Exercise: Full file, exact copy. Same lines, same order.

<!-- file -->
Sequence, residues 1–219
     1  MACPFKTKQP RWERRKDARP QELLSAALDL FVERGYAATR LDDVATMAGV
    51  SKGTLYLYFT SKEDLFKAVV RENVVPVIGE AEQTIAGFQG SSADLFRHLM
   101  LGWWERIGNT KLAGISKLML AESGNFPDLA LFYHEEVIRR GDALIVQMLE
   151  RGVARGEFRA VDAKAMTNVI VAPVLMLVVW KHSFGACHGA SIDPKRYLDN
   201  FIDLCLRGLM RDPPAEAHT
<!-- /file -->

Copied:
Sequence, residues 1–219
     1  MACPFKTKQP RWERRKDARP QELLSAALDL FVERGYAATR LDDVATMAGV
    51  SKGTLYLYFT SKEDLFKAVV RENVVPVIGE AEQTIAGFQG SSADLFRHLM
   101  LGWWERIGNT KLAGISKLML AESGNFPDLA LFYHEEVIRR GDALIVQMLE
   151  RGVARGEFRA VDAKAMTNVI VAPVLMLVVW KHSFGACHGA SIDPKRYLDN
   201  FIDLCLRGLM RDPPAEAHT